5

In the sentence:

The two methods require two different kinds of prior information

a colleague of mine suggests that it should be "kind of" instead.

I was quite certain that the first form was correct, but reading various online sources on singular vs. plural use in relation to "kind of" has got me confused. Still, it seems to me that the examples where it is a bit ambiguous are those where the quantity is implied by how you interpret the sentence. In the current case, I still lean towards "two kinds" because it seems it is explicitly "kind" there are two of. Which one is right?

NB: I am not a native English speaker.

9

It makes sense for kind to be in plural form in the sentence "The two methods require two different kinds of prior information." because here kind functions as a rather simple count noun.

kind

  1. a class or group having characteristics in common; sort; type ⇒ two kinds of people
  2. an instance or example of a class or group, esp a rudimentary one ⇒ heating of a kind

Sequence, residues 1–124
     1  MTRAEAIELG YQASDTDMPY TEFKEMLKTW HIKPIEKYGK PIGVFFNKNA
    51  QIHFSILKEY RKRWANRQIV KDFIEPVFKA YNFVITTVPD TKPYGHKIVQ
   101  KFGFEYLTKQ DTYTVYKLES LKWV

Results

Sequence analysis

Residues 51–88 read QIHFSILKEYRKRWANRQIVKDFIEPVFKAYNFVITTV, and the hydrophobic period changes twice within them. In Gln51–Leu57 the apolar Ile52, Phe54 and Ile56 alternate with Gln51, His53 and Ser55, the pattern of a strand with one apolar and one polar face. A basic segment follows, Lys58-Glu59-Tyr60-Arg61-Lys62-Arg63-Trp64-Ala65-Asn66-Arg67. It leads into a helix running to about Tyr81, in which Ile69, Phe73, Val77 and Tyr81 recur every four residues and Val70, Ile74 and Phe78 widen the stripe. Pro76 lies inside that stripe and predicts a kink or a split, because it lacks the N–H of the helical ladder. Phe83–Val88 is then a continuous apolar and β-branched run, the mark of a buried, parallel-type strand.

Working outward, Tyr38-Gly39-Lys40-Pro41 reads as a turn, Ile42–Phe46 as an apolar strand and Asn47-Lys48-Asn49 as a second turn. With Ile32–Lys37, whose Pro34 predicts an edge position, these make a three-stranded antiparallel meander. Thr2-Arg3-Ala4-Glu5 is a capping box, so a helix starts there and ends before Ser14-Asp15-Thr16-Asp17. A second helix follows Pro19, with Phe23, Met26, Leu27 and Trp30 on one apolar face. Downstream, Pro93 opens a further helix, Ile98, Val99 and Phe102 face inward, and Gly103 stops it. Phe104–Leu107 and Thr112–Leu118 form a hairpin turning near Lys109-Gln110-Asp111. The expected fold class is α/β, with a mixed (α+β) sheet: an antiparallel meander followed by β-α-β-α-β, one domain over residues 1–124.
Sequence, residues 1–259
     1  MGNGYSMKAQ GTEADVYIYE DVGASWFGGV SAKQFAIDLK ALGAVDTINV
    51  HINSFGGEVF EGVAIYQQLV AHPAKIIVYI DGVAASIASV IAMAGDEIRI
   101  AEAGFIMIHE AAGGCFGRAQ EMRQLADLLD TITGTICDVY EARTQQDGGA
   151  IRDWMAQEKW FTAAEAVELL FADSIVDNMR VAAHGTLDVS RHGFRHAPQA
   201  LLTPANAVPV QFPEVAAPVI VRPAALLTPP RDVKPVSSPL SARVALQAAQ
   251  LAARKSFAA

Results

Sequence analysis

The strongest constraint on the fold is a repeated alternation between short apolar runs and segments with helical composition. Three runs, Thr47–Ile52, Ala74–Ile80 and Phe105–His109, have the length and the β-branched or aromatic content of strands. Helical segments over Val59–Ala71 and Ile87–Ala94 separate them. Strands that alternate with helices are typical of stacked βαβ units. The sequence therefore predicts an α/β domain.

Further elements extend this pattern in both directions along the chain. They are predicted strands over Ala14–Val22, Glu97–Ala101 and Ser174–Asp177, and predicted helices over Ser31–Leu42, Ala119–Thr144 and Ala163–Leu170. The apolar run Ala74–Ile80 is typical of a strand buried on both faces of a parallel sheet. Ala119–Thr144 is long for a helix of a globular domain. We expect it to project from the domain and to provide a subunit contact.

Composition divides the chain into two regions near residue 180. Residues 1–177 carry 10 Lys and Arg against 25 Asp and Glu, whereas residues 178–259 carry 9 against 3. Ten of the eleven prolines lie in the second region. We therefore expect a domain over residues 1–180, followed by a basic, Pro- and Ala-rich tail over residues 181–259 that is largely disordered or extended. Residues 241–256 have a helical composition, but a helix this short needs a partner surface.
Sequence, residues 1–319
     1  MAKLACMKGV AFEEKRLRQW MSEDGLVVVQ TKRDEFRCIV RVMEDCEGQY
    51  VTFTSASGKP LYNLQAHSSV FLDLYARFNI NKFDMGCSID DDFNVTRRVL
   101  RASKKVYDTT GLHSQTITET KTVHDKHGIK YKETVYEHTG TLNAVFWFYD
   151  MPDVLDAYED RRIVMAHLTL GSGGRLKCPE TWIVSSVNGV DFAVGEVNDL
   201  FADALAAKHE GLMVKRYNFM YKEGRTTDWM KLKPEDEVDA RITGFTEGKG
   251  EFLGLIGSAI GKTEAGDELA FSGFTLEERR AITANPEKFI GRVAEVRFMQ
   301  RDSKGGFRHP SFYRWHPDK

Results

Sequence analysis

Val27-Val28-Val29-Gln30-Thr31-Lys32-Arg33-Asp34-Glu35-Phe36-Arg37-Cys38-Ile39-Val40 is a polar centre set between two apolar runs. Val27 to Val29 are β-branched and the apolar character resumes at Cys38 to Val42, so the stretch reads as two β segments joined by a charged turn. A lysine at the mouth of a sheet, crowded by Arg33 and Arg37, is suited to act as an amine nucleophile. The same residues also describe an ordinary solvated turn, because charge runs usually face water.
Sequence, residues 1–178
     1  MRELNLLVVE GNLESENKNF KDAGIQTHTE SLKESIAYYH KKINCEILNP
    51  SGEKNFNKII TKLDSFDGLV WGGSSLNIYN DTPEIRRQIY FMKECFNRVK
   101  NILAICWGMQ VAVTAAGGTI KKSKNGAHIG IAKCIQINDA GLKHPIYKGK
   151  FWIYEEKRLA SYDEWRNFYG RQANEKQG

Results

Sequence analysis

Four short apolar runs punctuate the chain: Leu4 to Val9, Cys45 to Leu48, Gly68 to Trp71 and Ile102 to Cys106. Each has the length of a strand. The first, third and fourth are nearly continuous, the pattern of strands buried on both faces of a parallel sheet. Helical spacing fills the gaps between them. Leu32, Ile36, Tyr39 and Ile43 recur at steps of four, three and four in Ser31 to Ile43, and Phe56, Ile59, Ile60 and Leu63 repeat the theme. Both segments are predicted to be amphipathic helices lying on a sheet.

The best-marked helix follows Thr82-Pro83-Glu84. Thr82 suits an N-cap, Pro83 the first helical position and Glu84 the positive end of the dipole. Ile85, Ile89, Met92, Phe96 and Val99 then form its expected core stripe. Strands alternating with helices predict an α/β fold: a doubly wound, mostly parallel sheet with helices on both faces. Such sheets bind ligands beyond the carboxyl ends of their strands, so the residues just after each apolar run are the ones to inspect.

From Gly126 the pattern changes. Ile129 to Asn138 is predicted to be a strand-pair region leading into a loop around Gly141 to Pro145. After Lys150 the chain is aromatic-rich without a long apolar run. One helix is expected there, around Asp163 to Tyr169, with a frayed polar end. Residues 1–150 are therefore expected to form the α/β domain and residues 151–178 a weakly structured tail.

3. essential nature or character ⇒ the trials were different in kind from any that preceded them

Your friend may have confused it with the phrase kind of which expresses vagueness (or is sometimes used as a meaningless filler).

kind of

(informal)

  1. adverb somewhat; rather ⇒ kind of tired
  2. sentence substitute used to express reservation or qualified assent ⇒ I kind of figured it out.
| improve this answer | |
1

Not a native speaker.

I would go for “two kinds of”.

E.g.

I only listen to two kinds of music. Jazz and Blues.

but

I only listen to one kind of music. Rock'n'Roll.

However, it's similar to "two parts of"/"two part of". "Two part of" sounds weird. It evokes in me that it's "The second part of something" ;D

| improve this answer | |

Your Answer

By clicking “Post Your Answer”, you agree to our terms of service, privacy policy and cookie policy

Not the answer you're looking for? Browse other questions tagged or ask your own question.